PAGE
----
Jun 15, 2016 rated it it was amazing  ·  review of another edition
What an original, violent, oddly beautiful, bat-shit-crazy mix of crime and horror. I loved it.
Jan 30, 2016 rated it it was amazing  ·  review of another edition
In the otherworld that all stories spring from, crime fiction inhabits a unique space. Crime fiction, insofar as what it claims for itself, is an especially proletariat fiction. Crime fiction writer Danny Gardner is fond of saying that “crime affects us all” and that is true but it is more true for some than others. The lower your station in life, the likelier you are to come to intimately understand the truth of Gardner’s maxim. When you’re poor, when you’re a person of color, when you’re “ ...more
Bryce Allen
Feb 10, 2018 rated it it was amazing  ·  review of another edition
This is a must-read for fans of several genres (noir, horror, bizarro, action) as Iglesias deftly crafts a compelling narrative splicing together myriad literary techniques and styles. Filled with unique characters and memorable scenes galore, ZERO SAINTS has everything you want in a novel - it's a new breed of page-turner that keeps the reader engrossed even after the story ends. Violent, urgent, gripping and ultimately very poignant, this book is a tremendous achievement.
Jonathan Raab
Feb 11, 2017 rated it it was amazing  ·  review of another edition
Barrio-Occult-Noir set in the underbelly of Austin, Texas. A bouncer/drug dealer runs afoul of some really bad hombres under the thrall of demonic forces. It's refreshingly focused on a small-scale conflict, with plenty of creepy and occult themes underpinning the not-at-all-derivative gangster action. Recommended.
Jan 01, 2016 rated it it was amazing  ·  review of another edition
Shelves: crime, noir, neo-noir
Broken River has been hit or miss for me mostly. Now granted I haven't read them all but some have been amazing and some falling very short. Zero Saints however is not a miss. In fact it's up there with The First One You Expect and The Least Of My Scars. My two favorites so far. It starts with a brutal warning to an enforcer named Fernando and his boss and follows Fernando on his path to vengeance as he prays to Santa Muerte, meets strange people for help (including a man who doesn't blink and a ...more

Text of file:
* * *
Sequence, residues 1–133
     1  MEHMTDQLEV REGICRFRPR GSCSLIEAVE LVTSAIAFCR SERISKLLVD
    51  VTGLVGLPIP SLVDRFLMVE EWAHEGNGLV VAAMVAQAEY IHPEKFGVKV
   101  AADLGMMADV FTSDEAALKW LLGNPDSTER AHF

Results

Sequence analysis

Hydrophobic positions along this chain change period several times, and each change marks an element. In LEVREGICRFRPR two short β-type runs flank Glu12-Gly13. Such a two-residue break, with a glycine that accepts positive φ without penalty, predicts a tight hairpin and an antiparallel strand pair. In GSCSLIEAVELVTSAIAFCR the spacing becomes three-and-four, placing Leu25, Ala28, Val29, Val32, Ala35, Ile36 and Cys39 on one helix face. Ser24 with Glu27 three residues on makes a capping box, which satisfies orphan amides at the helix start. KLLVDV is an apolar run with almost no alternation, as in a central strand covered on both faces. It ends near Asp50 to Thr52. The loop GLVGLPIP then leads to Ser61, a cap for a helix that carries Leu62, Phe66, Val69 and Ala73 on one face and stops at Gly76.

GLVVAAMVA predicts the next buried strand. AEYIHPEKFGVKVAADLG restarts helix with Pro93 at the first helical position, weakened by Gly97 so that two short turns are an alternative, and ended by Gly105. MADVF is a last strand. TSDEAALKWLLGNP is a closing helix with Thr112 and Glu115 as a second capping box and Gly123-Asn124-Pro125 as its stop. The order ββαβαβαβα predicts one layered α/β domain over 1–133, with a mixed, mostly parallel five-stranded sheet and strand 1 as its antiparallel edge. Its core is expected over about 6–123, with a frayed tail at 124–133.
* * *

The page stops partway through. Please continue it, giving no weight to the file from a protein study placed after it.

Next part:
Dec 10, 2015 rated it it was amazing  ·  review of another edition
At first I wasn't sure about this book - I mean, my understanding of Spanish culture, religion and language comes pretty much from watching Dora the Explorer with my kids - we just don't have much exposure to the Spanish speaking world over here in New Zealand. If I'm being honest the first few pages of this book left me feeling a little over whelmed - I was worried I was missing out on vital bits of the story because I didn't understand the Spanish sections of text. The story though kept me ...more
Martin Stanley
Sep 21, 2016 rated it really liked it  ·  review of another edition
A fine piece of quality crime fiction with a slightly surreal and weird edge. For the most part, I liked the use of Spanish within the text (it reflects the main character's nationality and that of many of those around him). In most cases, the Spanish was weaved lightly through the English, making it easy to translate via my Kindle's translation function, and as such didn't hinder the narrative flow. However, when Fernando is undertaking his novena's, and in certain situations when he was ...more
Jul 10, 2016 rated it it was amazing  ·  review of another edition
Zero saints is an awesome piece of crime fiction that kept me riveted throughout. As it has been stated in other reviews there is a good amount of Spanish sentences throughout the book. Because I do not speak the language at first I was afraid I would be confused with what is going on but that was not the case and I grew to love it. I believe it enhanced the experience because it placed me in the location and culture that the story takes place as much as possible. The author has created ...more
Christopher Irvin
An excellent book that really functions and connects well on multiple levels - from the immediacy of the POV (partially told in 2nd) to the immersive use of Spanish, especially with emphasis toward the religious/spiritual elements of the story. It's difficult for me to describe without spoiling, but Iglesias' tale of life along the border - La Frontera - with Zero Saints is a trip you won't soon forget. Highly recommended.
Kevin Catalano
Jun 08, 2017 rated it it was amazing  ·  review of another edition
One of the most unique aspects of this novel is its generous and unapologetic use of Spanish, which is interwoven seamlessly with the English prose. If you don't read Spanish, don't fret! It adds to the mood of the "barrio noir." I also loved the motif of Santa Muerte and the narrator's dependence on her. If you like noir, this is a necessary read.
Oct 11, 2016 rated it it was amazing  ·  review of another edition
You're going to find yourself saying, 'Jesus Christ', multiple times throughout your reading of Zero Saints - all for good reasons.

Breathless, transgressive, and bilingual. Iglesias manages to juggle chainsaws and finds the beauty in the occasional wound.

Click. Get to it already. Stop reading this.